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Move over tequila, it’s a mezcal sunrise

The complex smoky flavour notes of the spirit make for cocktails with a sunny disposition

A selection of mezcal Margaritas at Mezcalita in Mumbai. (Vinayak Grover)

By Jahnabee Borah

LAST PUBLISHED 24.03.2023  |  09:20 AM IST

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It tasted of smoke, citrus and ice—a salve for the hot afternoon in Mumbai. I was sipping a Mezcalita at the city’s newest restaurant, named after this cocktail. The drink’s base spirit, mezcal, is gradually making space for itself in an industry overcrowded with gins.

A few weeks ago, another restaurant, Seefah, in Mumbai stirred curiosity with a creative twist on a mezcal-based Paloma. The glass is rimmed with black ants and the drink is seasoned with black ant salt. DANDY—The Fio Bar in Delhi offers refreshing mezcal swizzles. The W in Goa has a high-ball style mezcal drink with coconut water. The Mezcalita menu highlights tequila and mezcal and features classics, like Margaritas and Paloma, and in-house innovations, such as La Pomela with mezcal, pomelo soda, sweet lime and grapefruit.


Vicky Singh, partner at Mezcalita, believes the timing of the launch couldn’t have been better. “The mezcal industry is growing, according to the (Oaxaca, Mexico-based) Mezcal Regulatory Council, and the production of this spirit escalated by 200% in the past decade," he says.

The spirit, extracted from the agave plant, has its origins in Mexico. The rules are strict and only nine states in that country—Oaxaca, San Luis Potosi, Michoacán, Guerrero, Durango, Tamaulipas, Puebla, Zacatecas and Guanajuato—protected by denomination of origin, or DOM, have the licence to produce. It is a boozy spirit with an ABV (alcohol by volume) of about 50%. The heart (piña) of the agave plant is smoked, crushed and the juice is fermented in wooden, copper or clay barrels. It is then distilled to produce mezcal that has an addictive, smoky flavour. Its complex taste notes unfold if you sip it neat and slow in a traditional clay cup, copita; an experience similar to savouring sake in a Japanese choko.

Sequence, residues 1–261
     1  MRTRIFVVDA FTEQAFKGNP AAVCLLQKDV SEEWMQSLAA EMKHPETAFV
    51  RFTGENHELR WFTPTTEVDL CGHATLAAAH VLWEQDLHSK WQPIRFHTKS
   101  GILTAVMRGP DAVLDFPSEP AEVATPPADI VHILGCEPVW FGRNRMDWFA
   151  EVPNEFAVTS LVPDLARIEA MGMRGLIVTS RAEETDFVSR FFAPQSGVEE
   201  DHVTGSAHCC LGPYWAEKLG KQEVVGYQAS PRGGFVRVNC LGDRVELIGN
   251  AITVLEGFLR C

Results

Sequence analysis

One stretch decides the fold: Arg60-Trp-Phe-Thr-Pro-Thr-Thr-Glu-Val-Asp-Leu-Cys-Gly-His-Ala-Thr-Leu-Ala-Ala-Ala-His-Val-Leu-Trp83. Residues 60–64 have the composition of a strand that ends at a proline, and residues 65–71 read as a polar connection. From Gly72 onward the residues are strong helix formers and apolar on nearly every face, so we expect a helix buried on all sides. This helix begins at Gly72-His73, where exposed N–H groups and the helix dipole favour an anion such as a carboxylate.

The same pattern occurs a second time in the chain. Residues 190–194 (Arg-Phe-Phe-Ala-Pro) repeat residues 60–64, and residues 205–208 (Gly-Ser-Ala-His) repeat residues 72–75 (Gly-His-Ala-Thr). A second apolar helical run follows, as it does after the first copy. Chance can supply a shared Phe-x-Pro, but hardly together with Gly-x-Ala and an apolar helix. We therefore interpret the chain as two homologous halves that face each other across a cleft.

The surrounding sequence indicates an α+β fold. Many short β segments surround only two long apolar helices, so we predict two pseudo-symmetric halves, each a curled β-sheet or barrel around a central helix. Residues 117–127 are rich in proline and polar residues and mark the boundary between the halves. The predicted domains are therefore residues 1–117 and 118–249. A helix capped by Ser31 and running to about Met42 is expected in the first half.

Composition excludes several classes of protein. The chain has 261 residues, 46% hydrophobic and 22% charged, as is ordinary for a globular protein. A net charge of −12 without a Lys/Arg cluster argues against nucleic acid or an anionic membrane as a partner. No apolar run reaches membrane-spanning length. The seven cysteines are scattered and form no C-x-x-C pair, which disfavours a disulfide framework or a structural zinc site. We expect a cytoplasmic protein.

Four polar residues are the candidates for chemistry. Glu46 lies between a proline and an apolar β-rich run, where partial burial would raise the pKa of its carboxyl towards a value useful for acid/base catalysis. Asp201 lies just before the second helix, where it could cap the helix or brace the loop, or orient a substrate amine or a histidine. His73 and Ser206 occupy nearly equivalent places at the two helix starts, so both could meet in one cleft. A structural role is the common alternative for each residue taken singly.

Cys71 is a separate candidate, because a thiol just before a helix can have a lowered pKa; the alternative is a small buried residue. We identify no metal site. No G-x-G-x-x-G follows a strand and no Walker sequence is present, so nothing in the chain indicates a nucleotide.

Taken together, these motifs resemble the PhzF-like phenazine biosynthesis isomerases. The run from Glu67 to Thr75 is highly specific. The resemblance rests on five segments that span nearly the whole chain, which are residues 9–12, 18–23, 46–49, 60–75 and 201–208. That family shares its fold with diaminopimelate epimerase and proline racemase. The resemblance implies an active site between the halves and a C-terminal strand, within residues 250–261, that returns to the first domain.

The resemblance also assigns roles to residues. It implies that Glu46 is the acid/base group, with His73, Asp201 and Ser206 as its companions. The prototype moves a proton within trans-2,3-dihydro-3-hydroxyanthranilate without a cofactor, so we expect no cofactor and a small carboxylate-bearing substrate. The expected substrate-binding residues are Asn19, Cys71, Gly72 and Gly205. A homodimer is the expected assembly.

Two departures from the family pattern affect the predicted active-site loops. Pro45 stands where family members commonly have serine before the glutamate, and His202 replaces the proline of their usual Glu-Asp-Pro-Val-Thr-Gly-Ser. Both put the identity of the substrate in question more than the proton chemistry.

As the temperature—and curiosity for newer spirits—rise, it seems likely that more bars will introduce mezcal cocktails. In India, the main issue is limited supply, with bottles prohibitively priced from 6,000 onwards. Kshitij Goel, beverage director of W Goa, says the only mezcal brand available in Goa is Creyente. In major cities, like Delhi and Mumbai, you can get Los Javis Espadin Jovel and Perro De San Juan.

The spirit pairs well with citrus, making it a perfect antidote for the scorching heat. Goel says lemon, sweet lime, pomelo and grapefruit complement its smoky flavour. His advice is to avoid spices like black pepper and green chilli, which will overpower the drink. To make a basic mezcal cocktail at home, he says, you can take 30ml of mezcal, squeeze a lime and top up with ice-cold water. For a bubbly feel, replace water with Perrier and use lots of ice.

To take the home cocktail experience a notch higher, Singh shares a recipe for Mezcalita.

2 oz. mezcal
1 oz. lime juice
Half oz. agave nectar
Salt for rimming (optional)


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Rim a glass with salt (if desired). Combine the mezcal, lime juice and agave nectar in a shaker filled with ice. Shake until well chilled. Place large ice cubes in a glass and strain the drink into it. Garnish with a lime wedge and drink to better times.